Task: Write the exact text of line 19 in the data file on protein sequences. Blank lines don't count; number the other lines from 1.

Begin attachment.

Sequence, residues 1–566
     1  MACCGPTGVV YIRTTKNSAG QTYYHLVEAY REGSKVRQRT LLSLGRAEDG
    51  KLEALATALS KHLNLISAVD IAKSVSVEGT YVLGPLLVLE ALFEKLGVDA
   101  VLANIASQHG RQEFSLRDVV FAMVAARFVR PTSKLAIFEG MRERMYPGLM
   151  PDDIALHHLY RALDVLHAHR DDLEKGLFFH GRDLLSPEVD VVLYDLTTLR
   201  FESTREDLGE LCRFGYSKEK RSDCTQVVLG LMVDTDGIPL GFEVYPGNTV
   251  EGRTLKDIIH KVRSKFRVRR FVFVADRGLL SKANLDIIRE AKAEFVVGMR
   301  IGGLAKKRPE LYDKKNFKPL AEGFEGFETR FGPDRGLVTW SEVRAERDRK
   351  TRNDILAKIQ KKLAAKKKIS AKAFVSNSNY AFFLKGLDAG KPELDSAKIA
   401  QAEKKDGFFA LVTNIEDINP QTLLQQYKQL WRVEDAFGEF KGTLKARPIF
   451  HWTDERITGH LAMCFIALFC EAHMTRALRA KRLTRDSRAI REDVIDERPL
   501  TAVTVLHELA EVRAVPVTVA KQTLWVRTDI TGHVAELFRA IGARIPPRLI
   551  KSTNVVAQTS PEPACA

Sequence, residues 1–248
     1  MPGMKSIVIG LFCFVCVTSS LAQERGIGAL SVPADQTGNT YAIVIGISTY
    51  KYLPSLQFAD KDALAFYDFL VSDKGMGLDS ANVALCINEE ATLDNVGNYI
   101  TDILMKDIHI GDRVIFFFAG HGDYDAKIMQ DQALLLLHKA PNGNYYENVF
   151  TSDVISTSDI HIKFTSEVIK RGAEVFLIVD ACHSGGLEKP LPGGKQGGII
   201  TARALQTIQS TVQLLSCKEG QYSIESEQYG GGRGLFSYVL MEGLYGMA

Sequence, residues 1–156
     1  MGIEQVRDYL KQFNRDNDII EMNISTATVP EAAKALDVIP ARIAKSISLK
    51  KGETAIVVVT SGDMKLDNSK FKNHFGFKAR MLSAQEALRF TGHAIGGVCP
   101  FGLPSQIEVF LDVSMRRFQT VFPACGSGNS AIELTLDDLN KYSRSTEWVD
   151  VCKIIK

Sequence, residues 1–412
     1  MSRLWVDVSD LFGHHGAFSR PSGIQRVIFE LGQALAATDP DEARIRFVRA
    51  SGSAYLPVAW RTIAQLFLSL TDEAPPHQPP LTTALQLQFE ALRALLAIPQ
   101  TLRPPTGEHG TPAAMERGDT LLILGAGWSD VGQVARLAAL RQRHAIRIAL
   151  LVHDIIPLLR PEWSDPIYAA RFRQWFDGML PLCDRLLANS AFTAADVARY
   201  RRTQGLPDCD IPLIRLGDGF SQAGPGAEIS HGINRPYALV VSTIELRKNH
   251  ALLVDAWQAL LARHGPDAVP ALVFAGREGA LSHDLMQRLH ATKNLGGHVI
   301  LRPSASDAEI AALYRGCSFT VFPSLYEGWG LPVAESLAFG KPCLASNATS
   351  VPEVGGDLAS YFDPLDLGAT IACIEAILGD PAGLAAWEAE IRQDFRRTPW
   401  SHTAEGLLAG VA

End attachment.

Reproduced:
   201  TARALQTIQS TVQLLSCKEG QYSIESEQYG GGRGLFSYVL MEGLYGMA